Wow! That amazes me. Keep us informed ------I just can't believe a UPS/USPS hug fest has a chance of lasting for any length of time---espicially through the peak season.
  12. 728ups

    728ups offending people on the internet since 1995

    the Post Office i deliver to is a huge PITA. If i deliver first thing in the morning i have to beg borrow or steal carts AFTER i have spent at least 10 minutes leaning on the bell to open the door ( dont EVEN think about leaving the packages and bags on the dock, they wont sign for them and we have been told to 'comply' with their requirements) If i come later in teh day after fighting the surepost bulk all morning i can get all the carts i want..............but they drag their heels getting to the door,and then whinge and complain about A) the volume B) being delivered after 12 pm C) UPS making too much money on surepost while the USPS 'does all of the work'
    I almost mouthkissed the dispatcher when he told me this morning the post office was off my route until after peak =)~
  13. bigbrownhen

    bigbrownhen New Member

    Now that is over the top. No way I'd let that one go. Guess you're stuck if center manager won't help you on this one. Next time the district manager comes to town, you might bring it to his/her attention. That much time per day in a year, cost UPS alot of money. It just takes cooperation on both parts.
  14. satellitedriver

    satellitedriver Moderator Staff Member

    DR, back door.
    My furthest, rural PO is almost always closed when I get there.
    I was told by a sup, on an OJS ride, that I could.
    I work as directed and have never gotten "heat" over it.

  15. rod

    rod retired and happy

    I sure hope you had him put that in writing and sign it----Thats just basic UPS driver 101--
  16. bigbrownhen

    bigbrownhen New Member

    Today, they came out rather quick, pushed three carts toward the end of the dock and said, "there you go, fill them if you need them".. My response was. "Uh, no I will not fill those by myself. I will help, we will work together. I explained again, my center manager said it is not my resposibility to load your carts." Three of them came out to help after that. Working together, we had it done in just a few minutes. They are just as slammed as we are. In the same boat.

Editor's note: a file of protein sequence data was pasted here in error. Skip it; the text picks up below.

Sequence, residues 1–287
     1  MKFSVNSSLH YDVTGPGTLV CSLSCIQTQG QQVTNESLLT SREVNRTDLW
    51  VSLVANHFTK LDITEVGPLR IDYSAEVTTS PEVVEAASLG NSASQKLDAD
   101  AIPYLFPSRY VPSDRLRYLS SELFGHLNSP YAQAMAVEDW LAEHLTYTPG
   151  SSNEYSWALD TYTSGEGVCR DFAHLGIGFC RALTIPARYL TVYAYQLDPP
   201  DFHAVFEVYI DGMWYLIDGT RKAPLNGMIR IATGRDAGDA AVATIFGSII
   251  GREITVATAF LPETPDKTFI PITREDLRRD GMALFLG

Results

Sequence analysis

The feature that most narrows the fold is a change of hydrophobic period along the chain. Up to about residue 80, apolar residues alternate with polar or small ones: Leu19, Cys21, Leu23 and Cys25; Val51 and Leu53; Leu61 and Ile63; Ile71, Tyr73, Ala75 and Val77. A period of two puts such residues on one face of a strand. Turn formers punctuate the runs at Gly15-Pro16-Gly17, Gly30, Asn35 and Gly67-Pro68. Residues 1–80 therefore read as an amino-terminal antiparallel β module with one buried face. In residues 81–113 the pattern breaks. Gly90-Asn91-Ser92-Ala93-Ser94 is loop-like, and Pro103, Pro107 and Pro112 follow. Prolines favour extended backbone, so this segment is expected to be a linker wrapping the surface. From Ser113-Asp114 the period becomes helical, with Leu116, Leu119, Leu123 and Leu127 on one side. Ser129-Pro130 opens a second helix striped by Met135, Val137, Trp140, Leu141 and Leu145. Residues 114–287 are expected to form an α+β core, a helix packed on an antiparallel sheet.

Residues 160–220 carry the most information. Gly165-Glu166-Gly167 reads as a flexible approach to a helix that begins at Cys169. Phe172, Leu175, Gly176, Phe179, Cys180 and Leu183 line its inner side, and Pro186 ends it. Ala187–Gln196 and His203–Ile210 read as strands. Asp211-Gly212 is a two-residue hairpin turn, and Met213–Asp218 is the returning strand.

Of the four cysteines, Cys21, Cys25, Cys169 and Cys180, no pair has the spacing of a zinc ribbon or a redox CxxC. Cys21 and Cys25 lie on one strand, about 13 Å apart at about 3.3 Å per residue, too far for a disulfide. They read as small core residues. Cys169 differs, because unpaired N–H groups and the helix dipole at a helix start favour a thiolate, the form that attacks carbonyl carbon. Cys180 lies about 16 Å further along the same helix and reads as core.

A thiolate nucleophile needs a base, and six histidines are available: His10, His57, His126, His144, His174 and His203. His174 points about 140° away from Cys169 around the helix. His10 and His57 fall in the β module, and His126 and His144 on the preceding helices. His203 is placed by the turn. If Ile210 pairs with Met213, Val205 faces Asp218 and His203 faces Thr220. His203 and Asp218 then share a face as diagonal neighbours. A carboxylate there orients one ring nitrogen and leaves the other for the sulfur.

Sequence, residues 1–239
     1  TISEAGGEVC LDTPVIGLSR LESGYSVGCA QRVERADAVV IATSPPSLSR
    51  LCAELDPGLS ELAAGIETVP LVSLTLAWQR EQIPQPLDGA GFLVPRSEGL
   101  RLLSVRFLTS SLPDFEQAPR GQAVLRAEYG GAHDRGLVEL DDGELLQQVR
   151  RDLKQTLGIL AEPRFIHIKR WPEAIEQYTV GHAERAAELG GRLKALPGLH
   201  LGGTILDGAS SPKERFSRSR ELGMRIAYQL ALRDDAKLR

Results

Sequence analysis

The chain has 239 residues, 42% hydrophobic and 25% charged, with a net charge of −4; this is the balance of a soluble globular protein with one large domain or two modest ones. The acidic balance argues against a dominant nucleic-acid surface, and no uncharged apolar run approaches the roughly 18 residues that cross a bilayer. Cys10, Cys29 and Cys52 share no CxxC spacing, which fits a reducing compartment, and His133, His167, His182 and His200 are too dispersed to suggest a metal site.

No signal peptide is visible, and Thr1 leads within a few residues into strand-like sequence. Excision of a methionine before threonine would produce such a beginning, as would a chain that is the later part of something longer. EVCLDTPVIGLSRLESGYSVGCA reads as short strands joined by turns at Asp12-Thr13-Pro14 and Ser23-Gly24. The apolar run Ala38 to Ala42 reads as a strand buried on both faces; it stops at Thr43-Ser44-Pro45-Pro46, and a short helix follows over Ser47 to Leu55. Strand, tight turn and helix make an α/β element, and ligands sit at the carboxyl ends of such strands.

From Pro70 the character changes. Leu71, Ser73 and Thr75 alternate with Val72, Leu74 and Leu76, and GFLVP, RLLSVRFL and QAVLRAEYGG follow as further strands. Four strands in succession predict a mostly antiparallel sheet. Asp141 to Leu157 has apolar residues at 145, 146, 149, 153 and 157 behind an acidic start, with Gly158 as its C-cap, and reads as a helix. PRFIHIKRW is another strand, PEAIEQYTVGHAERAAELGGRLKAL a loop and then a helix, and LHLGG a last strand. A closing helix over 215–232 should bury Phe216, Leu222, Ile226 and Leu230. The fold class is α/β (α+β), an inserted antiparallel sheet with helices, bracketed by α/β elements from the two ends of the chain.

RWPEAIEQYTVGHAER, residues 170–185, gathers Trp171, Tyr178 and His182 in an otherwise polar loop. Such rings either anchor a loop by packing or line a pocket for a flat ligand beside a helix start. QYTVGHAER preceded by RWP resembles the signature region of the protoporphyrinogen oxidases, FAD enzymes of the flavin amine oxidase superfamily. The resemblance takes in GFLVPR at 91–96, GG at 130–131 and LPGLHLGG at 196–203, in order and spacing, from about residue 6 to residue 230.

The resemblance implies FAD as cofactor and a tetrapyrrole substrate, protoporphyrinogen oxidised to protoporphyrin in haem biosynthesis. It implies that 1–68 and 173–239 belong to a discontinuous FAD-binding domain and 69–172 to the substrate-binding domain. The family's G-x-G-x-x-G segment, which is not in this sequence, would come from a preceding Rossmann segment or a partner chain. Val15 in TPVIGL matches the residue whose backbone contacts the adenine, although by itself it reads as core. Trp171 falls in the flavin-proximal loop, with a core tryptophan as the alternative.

If this gets any uglier, my center manager will have to get involved, maybe even a few links up the chain.
  17. UPSGUY72

    UPSGUY72 Well-Known Member

    Went to a post office today and they started to complain about the bags of packages that we have been bringing them. They said they don't want the bags that the pre-load stuff full of packages any more. I told the guy that he needed talk to his boss because the bags are part of the agreement that UPS and USPS have with each other it a national things not just in this area.
  18. bigbrownhen

    bigbrownhen New Member

    I brought a concern from the Post Office about the bags being stuffed so tight to the center manager. They had to cut the bags to get pkgs out. I even had a few bags that had a big box taped to the outside of it. The problem has been corrected. I bet that's why they don't want the bags anymore. Try talking to your center team about it and see if they will ease up a bit on the stuffing.
  19. bottomups

    bottomups Bad Moon Risen'

    I can relate to those poor USPS employees. Two of five days this week UPS delivered an overstuffed TP60 to my work location. Could not get the door open on the second day. After struggling with the door for 10 minutes we resorted to the CAN OPENER and used a forklift to get the door open.
    Had a coworker in another satellite location have to actually use a sledgehammer to break his door open.
  20. soberups

    soberups Pees in the brown Koolaid

    I used to pull a TP60 and I remember several times when the door wouldnt open due to it being overfilled. One trick I resorted to was to find an empty parking lot and go "drag racing" with the trailer still hooked up. I would floor it, get going as fast as I possibly could, and then lock up the brakes in order to force the volume in the trailer to shift forward far enough to free up the door. As a last resort, the "can opener" forklift always works, but at the cost of mangling packages and/or forcing the door off of its tracks.